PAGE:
This is broad-spectrum economy stuff, whether you’re a have or a have-not. This is why the prevailing attitude of I-don’t-care-about-you, I-only-care-about-me is dangerous, short-sighted and eventually will affect us all. It is bottom-line based.

Forget political allegiances when it comes to this situation. The fact that Gov. Phil Murphy, in his State of the State address earlier this winter, pledged to initiate reforms in New Jersey’s liquor license laws is an effort we need to come together to discuss – both obvious “sides” and every nuanced mind-set in between.

One tragedy of the immediate chasm Gov. Murphy’s first-look ideas created is that the haves/have-nots retreated to their respective corners. That flies in the face of the essence of the hospitality industry, the purpose of which is to bring together people over the table. That crack to its core in these intervening weeks is deepening, the product of misunderstandings and accusations.

Enough already.

Some are perpetuating myths that Main Streets are going to end up looking like skid rows of yore if restaurants that currently are BYOBs purchase licenses and sell alcoholic beverages to their diners. Others are claiming all BYOBs will be forced into becoming licensed restaurants and there won’t be any restaurants where a wine or brew lover can bring a favorite bottle of their own.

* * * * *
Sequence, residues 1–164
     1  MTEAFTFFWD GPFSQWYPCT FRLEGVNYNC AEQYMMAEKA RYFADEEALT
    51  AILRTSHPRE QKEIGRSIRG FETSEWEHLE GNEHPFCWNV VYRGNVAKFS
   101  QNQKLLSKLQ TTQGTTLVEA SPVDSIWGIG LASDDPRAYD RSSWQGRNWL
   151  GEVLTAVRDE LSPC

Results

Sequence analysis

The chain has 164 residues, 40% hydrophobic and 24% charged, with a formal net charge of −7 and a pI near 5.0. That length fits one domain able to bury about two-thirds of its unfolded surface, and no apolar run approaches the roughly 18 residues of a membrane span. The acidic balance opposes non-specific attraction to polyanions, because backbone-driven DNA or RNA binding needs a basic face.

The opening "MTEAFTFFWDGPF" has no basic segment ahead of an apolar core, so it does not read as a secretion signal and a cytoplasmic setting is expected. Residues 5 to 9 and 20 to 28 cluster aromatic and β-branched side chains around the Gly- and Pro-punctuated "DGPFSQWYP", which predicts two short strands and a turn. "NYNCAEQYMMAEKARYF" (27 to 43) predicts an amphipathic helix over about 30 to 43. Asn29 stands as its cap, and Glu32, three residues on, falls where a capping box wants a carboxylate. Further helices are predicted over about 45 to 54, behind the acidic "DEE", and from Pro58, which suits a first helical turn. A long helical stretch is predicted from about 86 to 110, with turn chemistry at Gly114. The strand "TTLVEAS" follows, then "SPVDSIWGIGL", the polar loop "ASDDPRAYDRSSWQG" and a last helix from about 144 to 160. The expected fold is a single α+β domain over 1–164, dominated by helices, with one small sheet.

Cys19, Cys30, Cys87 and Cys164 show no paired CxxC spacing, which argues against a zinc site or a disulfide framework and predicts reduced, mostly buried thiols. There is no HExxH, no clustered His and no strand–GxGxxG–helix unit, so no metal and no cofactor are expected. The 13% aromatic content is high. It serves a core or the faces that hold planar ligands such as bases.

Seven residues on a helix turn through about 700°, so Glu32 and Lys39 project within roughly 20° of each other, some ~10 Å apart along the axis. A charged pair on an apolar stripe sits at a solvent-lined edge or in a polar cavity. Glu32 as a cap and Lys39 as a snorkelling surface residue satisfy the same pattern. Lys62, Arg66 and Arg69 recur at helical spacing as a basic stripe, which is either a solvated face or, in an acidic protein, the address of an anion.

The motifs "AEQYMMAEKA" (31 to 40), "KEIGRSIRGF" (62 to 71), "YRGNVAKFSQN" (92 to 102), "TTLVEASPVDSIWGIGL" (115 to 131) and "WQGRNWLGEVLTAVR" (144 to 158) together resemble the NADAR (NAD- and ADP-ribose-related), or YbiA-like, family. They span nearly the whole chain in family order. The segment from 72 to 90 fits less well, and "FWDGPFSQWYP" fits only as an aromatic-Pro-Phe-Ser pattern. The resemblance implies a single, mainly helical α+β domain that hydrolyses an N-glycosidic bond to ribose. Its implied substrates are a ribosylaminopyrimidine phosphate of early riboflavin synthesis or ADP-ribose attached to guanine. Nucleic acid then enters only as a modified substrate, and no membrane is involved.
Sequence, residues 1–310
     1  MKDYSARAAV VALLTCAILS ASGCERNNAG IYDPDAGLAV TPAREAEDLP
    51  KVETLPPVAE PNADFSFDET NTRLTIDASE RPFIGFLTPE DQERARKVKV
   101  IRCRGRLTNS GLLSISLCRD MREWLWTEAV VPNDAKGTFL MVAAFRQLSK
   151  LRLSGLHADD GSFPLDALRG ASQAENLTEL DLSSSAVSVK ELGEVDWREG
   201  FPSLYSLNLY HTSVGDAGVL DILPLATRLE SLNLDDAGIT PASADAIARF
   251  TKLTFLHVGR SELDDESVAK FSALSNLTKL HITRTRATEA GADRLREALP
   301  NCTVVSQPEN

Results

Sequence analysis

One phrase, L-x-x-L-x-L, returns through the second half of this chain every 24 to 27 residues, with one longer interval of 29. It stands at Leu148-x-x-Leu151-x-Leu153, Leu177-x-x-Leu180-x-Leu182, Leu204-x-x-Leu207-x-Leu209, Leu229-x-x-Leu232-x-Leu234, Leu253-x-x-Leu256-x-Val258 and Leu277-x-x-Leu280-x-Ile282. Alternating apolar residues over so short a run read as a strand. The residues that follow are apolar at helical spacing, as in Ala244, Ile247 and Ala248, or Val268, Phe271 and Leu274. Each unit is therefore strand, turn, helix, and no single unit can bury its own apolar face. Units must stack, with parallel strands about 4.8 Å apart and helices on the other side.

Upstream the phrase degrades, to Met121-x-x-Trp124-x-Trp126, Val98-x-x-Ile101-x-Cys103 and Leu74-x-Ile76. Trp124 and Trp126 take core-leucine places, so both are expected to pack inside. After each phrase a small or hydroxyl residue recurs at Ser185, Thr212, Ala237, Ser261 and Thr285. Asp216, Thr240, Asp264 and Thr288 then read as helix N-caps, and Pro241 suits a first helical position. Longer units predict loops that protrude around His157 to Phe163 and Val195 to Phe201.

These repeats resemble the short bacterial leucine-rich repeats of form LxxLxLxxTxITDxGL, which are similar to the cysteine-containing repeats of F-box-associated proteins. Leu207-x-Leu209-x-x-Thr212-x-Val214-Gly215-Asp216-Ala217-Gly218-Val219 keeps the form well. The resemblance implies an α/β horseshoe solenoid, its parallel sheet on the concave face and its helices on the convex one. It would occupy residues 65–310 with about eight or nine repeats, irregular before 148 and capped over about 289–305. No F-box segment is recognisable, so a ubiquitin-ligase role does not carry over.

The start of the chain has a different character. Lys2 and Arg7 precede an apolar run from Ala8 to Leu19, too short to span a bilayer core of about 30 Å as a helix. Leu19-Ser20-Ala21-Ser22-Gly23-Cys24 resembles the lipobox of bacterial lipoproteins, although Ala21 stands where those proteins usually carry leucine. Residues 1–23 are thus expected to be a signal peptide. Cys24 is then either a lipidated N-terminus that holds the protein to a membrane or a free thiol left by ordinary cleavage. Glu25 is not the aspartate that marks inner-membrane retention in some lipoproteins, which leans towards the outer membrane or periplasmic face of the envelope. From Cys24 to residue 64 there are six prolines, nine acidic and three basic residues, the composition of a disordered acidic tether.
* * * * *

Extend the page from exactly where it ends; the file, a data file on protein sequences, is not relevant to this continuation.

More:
This is nonsense. No restaurant owner is going to be forced to turn her or his BYOB into a licensed restaurant unless she or he wishes to do so. Liquor licenses are not going to be free to all – or turn into a free-for-all. Buying a liquor license will remain an investment for anyone who purchases a new one at this juncture. That’s an investment in the license itself, investment in beverage inventory, investment in higher costs of insurance and investment in the additional staff that would be needed for service.

Do most believe the initial investments will be returned, and then some? Yes, they do. Why? Because there’s plentiful evidence to prove that it will. But not every restaurateur wants a liquor license. An evolving trend in restaurants since we started to break out of the throes of the pandemic is a move to more daytime dining and to more take-out items. It’s an evolving café culture, and not all the chefs at these eateries are looking to buy liquor licenses; they’re looking for a less-complicated way to do business – and to be home at 7 or 8 p.m., not turning four-tops.